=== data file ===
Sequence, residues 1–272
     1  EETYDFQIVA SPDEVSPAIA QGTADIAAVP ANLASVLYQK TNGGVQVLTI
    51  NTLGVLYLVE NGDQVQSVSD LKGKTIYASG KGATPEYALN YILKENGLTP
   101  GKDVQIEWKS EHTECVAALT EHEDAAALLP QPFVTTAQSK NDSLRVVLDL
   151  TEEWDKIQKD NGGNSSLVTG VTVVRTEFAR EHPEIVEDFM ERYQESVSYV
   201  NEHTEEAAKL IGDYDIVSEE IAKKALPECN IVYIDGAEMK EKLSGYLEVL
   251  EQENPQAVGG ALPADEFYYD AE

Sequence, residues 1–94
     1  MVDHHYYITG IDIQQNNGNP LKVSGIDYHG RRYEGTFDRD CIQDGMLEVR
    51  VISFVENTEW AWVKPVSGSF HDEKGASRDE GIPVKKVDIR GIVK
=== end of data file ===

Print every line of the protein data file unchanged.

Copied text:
Sequence, residues 1–272
     1  EETYDFQIVA SPDEVSPAIA QGTADIAAVP ANLASVLYQK TNGGVQVLTI
    51  NTLGVLYLVE NGDQVQSVSD LKGKTIYASG KGATPEYALN YILKENGLTP
   101  GKDVQIEWKS EHTECVAALT EHEDAAALLP QPFVTTAQSK NDSLRVVLDL
   151  TEEWDKIQKD NGGNSSLVTG VTVVRTEFAR EHPEIVEDFM ERYQESVSYV
   201  NEHTEEAAKL IGDYDIVSEE IAKKALPECN IVYIDGAEMK EKLSGYLEVL
   251  EQENPQAVGG ALPADEFYYD AE

Sequence, residues 1–94
     1  MVDHHYYITG IDIQQNNGNP LKVSGIDYHG RRYEGTFDRD CIQDGMLEVR
    51  VISFVENTEW AWVKPVSGSF HDEKGASRDE GIPVKKVDIR GIVK